Additionally, the article seems like a non sequitur to the headline. The headline makes it sound like IS is on the ropes in Sirte, whereas the article makes it sound like Libya is just a complete catastrophe from head to tail. Both of these may be true, but the article doesn’t support the headline IMHO. Maybe it’s because your closing paragraph zooms out from Sirte (which isn’t mentioned specifically in the text, BTW) and covers Libya more broadly. Maybe I’m just being too picky.

    -John M.

    1. Docduracoat

      Libya will have peace in the future, just like Somalia will.
      Once someone has won the war
      General Hiftar was likely to win, but seems to have lost Western support.
      So the carnage goes on until one faction eliminates all the others.

      1. Distant Thunder

        He’s still got support from the Gulf states and Western militaries ( as opposed to diplomats) do still favor him. This is in part because the so-called Government of National Accord decided to get in bed with militias that are part of the Muslim Brotherhood (MB), which the soldiers and officers have figured out never ends well. Gen. Hiftar and the Libyan National Army is still the best faction to bet on, as sooner or later the MB will do something nastily violent and fanatical that they wear out their welcome with the diplomats again.

        1. bloke_from_ohio

          “…sooner or later the MB will do something nastily violent and fanatical…”

          Bloke’s first axiom of human interaction at the group level:

          Should a party, sect, tribe, or other group gain any sort of power, expect them to get really good at using it to oppress and torment other competing groups. This competence for harassment and persecution seems to be entirely unlinked or related to the groups ability to do anything else efficiently. This axiom applies to nearly all cultures, some are just less subtle than others.

  2. Trone Abeetin

    I guess it’s just me but I would insist that the press stop referring to my group as “BM”.

  3. Chris

    Perhaps after a century of failed self-government in Africa, it’s time to reinstitute colonialism. But rather than imposed colonialism, requested colonialism. People wanting a stable, functioning government might prefer, say, a British colonial government to the dictator of the day. As a bonus, they could pay Britain for management services. A win – win for both sides.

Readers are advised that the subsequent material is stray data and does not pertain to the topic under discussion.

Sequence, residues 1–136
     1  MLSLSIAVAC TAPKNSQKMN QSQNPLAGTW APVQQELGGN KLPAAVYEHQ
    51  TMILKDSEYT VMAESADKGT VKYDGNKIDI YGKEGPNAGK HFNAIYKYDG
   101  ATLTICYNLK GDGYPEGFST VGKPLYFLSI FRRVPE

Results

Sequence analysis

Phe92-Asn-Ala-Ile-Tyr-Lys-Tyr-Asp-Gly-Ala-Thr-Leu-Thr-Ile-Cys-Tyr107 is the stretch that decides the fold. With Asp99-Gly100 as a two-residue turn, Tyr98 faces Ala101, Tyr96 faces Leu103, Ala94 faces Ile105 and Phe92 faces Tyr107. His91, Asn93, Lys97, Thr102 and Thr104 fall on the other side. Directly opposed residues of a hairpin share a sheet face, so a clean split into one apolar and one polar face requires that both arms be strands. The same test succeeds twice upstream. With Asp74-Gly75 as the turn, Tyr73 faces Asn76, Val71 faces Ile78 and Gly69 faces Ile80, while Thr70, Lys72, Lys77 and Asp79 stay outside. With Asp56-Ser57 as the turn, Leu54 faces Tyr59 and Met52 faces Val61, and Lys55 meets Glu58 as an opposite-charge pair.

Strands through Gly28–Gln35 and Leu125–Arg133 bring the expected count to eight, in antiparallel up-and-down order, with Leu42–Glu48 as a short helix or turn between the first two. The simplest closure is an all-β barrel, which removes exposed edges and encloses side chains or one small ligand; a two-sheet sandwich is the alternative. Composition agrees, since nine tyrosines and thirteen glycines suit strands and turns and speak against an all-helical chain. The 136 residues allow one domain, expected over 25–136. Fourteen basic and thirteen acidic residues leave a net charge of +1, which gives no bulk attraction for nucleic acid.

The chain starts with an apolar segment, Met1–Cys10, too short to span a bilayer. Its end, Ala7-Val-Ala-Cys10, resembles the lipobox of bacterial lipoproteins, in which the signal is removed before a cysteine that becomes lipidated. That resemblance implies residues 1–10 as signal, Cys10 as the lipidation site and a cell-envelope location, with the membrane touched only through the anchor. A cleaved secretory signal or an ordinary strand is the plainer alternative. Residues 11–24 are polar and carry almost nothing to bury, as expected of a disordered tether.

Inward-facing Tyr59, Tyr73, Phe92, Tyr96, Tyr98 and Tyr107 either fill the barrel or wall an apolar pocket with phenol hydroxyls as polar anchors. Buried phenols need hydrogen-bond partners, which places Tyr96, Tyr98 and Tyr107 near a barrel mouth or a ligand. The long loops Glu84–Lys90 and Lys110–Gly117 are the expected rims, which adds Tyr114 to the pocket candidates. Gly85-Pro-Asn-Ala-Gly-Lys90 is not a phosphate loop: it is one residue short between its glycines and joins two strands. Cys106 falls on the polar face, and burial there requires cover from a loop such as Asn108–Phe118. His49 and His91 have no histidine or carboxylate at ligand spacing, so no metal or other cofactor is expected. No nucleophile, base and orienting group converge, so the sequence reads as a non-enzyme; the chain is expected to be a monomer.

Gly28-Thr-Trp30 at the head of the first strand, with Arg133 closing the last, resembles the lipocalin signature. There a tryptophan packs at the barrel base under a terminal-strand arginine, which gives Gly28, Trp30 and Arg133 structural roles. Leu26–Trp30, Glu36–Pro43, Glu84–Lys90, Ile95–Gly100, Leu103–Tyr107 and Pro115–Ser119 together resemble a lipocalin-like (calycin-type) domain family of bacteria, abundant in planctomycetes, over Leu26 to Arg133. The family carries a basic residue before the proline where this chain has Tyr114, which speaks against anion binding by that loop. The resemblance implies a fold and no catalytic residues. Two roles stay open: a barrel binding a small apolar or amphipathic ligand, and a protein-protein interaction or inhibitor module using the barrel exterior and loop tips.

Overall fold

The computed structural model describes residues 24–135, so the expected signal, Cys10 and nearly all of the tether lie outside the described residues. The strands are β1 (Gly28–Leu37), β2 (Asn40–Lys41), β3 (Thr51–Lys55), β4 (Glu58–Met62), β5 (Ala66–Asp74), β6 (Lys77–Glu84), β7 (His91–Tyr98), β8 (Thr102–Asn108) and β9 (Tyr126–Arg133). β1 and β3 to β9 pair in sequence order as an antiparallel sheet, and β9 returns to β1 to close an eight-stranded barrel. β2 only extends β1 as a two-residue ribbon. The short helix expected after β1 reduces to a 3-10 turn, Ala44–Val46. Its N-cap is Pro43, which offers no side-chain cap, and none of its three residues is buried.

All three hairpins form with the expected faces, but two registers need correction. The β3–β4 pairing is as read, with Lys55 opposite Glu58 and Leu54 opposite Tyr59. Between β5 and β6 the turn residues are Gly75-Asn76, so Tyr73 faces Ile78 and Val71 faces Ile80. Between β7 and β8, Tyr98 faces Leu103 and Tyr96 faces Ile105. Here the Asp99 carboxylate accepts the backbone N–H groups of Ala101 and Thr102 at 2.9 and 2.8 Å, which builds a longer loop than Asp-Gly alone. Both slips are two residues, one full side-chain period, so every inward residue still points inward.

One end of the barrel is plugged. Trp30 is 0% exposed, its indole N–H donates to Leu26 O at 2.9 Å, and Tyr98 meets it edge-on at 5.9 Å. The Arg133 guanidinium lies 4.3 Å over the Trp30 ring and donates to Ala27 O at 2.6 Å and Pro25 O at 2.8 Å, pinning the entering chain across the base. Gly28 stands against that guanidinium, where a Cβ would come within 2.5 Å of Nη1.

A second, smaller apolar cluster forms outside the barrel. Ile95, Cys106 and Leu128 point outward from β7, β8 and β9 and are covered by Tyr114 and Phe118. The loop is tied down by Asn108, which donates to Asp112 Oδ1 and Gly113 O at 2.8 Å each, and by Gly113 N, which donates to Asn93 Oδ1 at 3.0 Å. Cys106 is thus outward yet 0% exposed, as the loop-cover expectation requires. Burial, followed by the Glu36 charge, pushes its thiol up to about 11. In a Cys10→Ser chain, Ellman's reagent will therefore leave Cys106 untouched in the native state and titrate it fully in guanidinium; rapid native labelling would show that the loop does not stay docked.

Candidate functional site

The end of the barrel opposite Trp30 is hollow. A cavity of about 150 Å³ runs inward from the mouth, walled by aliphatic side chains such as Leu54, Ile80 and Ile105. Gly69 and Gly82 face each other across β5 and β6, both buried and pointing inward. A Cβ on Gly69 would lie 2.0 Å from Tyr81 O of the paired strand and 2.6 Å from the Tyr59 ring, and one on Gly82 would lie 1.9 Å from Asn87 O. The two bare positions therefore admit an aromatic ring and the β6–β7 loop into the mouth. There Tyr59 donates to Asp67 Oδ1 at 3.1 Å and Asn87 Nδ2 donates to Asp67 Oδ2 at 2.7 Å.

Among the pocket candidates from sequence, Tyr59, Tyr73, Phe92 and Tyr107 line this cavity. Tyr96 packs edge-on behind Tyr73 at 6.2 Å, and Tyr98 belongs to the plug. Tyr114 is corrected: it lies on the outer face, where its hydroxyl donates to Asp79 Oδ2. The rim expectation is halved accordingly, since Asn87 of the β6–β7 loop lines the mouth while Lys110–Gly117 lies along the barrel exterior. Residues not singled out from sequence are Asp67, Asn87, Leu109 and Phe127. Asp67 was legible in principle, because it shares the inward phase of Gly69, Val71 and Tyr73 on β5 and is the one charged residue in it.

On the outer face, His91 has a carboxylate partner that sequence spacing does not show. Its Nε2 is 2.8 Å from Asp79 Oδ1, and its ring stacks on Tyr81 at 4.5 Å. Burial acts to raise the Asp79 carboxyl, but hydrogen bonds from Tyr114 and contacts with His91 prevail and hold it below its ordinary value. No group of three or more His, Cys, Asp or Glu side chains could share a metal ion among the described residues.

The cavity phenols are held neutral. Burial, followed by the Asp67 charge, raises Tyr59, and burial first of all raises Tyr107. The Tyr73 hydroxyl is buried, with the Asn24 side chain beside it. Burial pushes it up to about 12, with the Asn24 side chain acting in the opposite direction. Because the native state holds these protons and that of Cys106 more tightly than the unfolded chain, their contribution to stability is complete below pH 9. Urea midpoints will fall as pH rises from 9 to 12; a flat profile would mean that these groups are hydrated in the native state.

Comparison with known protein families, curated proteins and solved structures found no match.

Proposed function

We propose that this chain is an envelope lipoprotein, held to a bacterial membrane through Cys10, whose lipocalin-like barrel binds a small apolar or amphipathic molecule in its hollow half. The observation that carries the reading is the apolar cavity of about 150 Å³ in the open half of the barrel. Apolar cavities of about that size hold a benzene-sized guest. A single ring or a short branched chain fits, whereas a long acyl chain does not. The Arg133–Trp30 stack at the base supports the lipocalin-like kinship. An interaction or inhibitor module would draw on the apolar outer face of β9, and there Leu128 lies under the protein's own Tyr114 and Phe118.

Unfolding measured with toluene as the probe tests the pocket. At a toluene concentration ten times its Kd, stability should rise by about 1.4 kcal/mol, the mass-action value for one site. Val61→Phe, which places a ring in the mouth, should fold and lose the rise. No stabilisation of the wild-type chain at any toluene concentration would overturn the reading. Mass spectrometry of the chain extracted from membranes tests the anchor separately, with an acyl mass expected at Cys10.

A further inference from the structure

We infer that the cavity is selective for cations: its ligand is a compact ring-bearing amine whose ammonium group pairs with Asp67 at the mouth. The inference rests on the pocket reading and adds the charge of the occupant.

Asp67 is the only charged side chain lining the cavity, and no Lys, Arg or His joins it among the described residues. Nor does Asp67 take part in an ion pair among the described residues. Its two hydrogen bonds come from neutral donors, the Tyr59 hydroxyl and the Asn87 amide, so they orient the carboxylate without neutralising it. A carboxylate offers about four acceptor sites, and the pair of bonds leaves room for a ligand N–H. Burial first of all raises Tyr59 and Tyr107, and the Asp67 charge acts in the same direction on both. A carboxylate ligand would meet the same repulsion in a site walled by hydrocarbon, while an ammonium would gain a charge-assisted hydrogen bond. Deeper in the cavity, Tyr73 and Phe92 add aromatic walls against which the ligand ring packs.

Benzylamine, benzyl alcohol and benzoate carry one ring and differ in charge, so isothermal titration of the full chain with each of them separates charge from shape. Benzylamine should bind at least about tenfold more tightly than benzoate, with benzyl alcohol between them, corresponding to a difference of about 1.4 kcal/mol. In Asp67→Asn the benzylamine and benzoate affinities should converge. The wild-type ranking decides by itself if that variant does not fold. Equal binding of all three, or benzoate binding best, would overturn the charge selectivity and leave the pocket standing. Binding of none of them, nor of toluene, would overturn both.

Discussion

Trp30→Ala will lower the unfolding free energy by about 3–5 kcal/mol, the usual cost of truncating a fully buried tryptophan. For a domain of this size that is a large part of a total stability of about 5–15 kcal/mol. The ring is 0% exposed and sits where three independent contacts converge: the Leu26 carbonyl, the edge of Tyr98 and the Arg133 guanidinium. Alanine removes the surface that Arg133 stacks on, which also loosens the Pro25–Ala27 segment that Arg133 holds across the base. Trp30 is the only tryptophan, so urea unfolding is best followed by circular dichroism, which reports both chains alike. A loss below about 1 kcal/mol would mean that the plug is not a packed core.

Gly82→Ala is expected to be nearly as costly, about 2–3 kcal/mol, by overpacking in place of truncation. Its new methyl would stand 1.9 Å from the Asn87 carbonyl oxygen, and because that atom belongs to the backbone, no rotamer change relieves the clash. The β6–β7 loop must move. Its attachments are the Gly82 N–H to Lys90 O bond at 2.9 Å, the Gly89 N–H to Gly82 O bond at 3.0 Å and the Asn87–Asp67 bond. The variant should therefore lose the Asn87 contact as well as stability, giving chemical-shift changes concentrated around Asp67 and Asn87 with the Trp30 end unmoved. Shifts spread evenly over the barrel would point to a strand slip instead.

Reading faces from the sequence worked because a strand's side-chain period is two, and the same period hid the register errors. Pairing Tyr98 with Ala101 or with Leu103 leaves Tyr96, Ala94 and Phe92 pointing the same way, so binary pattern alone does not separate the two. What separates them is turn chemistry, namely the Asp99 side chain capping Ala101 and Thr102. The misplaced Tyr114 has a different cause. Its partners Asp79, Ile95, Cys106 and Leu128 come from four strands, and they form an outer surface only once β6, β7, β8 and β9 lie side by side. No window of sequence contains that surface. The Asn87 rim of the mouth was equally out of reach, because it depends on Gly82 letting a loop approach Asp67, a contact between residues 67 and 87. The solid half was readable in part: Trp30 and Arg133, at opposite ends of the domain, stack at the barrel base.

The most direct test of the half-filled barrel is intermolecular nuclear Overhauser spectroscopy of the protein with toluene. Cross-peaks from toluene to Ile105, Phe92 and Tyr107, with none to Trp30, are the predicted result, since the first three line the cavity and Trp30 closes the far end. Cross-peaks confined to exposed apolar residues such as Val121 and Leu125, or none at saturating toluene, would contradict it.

1. John M.

      Maybe everyone can just stay home. Libyans get whatever flavor of misgovernment they want, and Europeans don’t have to deal with zillions of people crossing the Med on rubber rafts. This is why we have different countries.

      -John M.

        1. John M.

          Meh. “Everyone stays home” doesn’t even begin to describe US/Cuban relations for the last 50 years. Or 150, for that matter.

          -John M.

    2. S

      Is that with British police, French cooks, Swiss trains, German roads and cars, Italian entertainers and Swedish nurses, or is a different distribution of responsabilties likely?

    1. Hognose Post author

      Looks like the same video to me? Vintage possibly 1880s-90s. Early breechloader, still using sweated or welded on rings for strength. Soon after 1900 no one was making guns like this. appears to predate the recoil arrangements of Krupp and Schneider (aka French 75) but it’s hard to tell in the improv carriage.

    2. S

      That thing again….doesn’t look like a QF type, likely a bag charge de Bange breech, perhaps with modern projectiles jury rigged. What Warpac ammo would be easiest fit for such a dinosaur? 152 mm?

  4. Sommerbiwak

    “(did kamikaze attacks ever win anything, even tactically?”

    Well legend has it that Pionier Carl Klinke assaulted the danish position with 30 pounds of explosives and blowing up the danish palisades killing himself in the attack. While famous and immortalised in a poem by Theodor Fontane, there is no hard proof of this action during the battle Dybbøl in 1864. But if this actually happened it would be a successful kamikaze attack.

  5. LSWCHP

    I understand that things were better in Libya under Gaddafi, and we’d all be better off if they’d stayed that way, for some narrow definitions of “better”.

    That being said, I’m incredibly weary of all the bullshit that muslims are bringing to the west, so news of muslims brassing up other muslims always brings a cheery smile to my face these days, especially when they’re doing it in muslimville rather than my AO.

  6. bloke_from_ohio

    Hognose’s “program” was a real physical object thing in my office during a different conflict with similar dynamics. It was a binder roughly the size of a medium to large phonebook. Even armed with such a report on the actors and malcontents, it was tough to keep track of what the hell was going on sometimes.